A second blind spot is that of religious syncretism. My father and grandfather were CRC missionaries to Japan. They partnered with the Reformed Church of Japan (RCJ). The RCJ was birthed out of the ashes of World War 2 by a group of Reformed pastors pushing back against syncretism. Religious syncretism is the “fusion of diverse religious beliefs and practices.” In Japan, the WW2 context was that of Emperor worship. The Japanese government permitted Christians to practice their faith, but also forced them to worship the Emperor and pray at Shinto shrines. Reformed pastors refused to do so, and because they refused to compromise, were persecuted and sent away to backbreaking work in the coal mines.
What does all of this have to do with our discussion of human sexuality? In foreign countries like Japan, syncretism is easy for us to see. We see clearly how Japanese Christians struggle to avoid idolatry and stay true to Christ. But what about us? Are we fusing Biblical norms with cultural norms? If so, how?
Lesslie Newbigin, long-time missionary to India, said this about the church in the West: “Since I came to live in England after a lifetime as a foreign missionary, I have had the unhappy feeling that most English theology is falling into [the danger of] syncretism. Ours is an advanced case of syncretism. In other words, instead of confronting our culture with the gospel, we are perpetually trying to fit the gospel into our culture. In our effort to communicate, we interpret the gospel by the categories of our culture.”
How do we interpret the gospel through our culture? There are many ways. When it comes to the discussion of the HSR, we have a tendency to value a variety of perspectives equally, regardless of whether or not these align with Biblical truth. Even if there are only a handful of people voicing a minority opinion, we feel these voices need to be affirmed. If someone is authentic in their convictions, we feel their viewpoint must be valid, or at least given equal weight. In doing so we show we are more concerned that everyone's voice was heard, valued, and given equal weight than we are about seeking Biblical truth regarding human sexuality and whether that position is clear, consistent, and compelling.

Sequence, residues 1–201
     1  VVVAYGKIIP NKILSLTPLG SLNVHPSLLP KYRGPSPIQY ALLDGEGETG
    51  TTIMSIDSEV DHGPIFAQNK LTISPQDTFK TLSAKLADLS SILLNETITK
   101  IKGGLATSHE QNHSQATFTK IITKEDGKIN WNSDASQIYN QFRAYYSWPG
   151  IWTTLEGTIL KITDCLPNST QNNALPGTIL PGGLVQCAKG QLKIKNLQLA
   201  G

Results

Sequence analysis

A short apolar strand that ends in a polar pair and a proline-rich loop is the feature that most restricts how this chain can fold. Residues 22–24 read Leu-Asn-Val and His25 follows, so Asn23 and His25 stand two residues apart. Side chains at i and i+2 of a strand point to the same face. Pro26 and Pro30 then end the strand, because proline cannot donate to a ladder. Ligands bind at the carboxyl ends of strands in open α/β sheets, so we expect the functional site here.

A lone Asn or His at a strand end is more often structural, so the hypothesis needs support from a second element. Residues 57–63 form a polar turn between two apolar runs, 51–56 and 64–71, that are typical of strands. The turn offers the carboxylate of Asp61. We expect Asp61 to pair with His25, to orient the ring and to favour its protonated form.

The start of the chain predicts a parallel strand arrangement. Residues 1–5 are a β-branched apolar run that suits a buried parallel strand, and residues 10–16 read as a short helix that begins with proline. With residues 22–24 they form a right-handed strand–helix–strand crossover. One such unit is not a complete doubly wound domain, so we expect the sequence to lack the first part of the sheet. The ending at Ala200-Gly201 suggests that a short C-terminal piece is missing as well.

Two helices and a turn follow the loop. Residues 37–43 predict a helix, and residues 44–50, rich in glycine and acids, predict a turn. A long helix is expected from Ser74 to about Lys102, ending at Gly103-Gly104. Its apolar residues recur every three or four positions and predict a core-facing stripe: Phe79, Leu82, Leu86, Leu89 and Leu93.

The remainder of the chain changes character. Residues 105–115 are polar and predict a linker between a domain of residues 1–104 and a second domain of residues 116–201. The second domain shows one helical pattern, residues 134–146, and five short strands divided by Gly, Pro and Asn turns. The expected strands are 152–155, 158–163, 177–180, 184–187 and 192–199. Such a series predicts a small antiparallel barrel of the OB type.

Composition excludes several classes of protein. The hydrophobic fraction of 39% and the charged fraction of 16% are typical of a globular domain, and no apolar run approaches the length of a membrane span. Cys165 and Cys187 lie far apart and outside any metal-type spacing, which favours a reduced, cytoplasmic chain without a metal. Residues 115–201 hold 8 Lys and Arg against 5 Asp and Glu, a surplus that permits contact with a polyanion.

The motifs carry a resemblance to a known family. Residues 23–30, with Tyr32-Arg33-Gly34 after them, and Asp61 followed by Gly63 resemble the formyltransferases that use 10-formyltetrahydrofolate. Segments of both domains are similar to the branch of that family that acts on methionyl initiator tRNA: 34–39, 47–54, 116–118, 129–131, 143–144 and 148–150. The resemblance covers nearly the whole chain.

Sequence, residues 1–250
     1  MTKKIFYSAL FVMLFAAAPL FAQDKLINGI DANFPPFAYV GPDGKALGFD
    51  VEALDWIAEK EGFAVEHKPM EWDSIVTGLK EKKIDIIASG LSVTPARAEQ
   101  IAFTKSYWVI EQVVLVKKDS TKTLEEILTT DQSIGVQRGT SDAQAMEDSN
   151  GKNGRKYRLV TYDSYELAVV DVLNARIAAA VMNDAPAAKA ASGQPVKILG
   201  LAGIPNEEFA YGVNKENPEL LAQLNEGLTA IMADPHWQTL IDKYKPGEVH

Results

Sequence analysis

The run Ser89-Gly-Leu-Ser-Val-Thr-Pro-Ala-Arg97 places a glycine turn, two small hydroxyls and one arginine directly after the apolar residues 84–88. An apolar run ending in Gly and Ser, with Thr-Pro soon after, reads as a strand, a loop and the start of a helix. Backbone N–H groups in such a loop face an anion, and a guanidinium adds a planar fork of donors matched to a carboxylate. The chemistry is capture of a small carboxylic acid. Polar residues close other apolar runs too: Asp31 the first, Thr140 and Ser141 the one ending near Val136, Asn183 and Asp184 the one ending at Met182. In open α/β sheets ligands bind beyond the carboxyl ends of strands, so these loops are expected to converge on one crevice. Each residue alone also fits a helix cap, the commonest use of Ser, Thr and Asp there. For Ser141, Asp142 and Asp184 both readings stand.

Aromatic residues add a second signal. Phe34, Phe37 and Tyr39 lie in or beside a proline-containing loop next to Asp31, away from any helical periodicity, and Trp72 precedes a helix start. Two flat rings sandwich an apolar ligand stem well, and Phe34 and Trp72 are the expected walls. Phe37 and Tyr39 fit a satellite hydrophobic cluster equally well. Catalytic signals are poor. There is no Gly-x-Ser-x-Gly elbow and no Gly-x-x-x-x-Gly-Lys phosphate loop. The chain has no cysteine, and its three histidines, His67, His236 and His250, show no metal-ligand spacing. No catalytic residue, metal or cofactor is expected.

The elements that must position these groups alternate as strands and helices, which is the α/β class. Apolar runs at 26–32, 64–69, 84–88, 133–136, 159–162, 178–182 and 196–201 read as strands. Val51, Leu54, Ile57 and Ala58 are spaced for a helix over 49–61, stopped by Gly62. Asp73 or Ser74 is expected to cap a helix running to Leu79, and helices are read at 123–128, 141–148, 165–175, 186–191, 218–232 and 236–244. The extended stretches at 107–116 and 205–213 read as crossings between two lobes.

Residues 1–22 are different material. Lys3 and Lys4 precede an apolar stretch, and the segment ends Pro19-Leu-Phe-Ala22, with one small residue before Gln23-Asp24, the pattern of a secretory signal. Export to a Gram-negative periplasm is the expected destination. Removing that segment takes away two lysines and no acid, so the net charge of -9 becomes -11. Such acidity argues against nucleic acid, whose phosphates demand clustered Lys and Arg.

How can this be? I believe this comes from confusing the high cultural values of authenticity and personal sexual identity with the high value of Biblical faithfulness. Today, authenticity in terms of sexual identity is key. The most important thing is to be true to yourself. This includes being true in expressing ourselves sexually. Carl Trueman explains,“…the sexual revolution, and its various manifestations in modern society, cannot be treated in isolation, but must rather be interpreted as the specific and perhaps most obvious social manifestation of a much deeper and wider revolution in the understanding of what it means to be a self. While sex may be presented today as little more than a recreational activity, sexuality is presented as that which lies at the very heart of what it means to be an authentic person.” In other words, we don’t worship the Emperor, but we worship ourselves. Sexual identity, being true to yourself, and expressing ourselves authentically, is valued more highly today than finding our identity in Christ, being true to God’s Word, and worshipping God and God alone. There is great syncretistic confusion.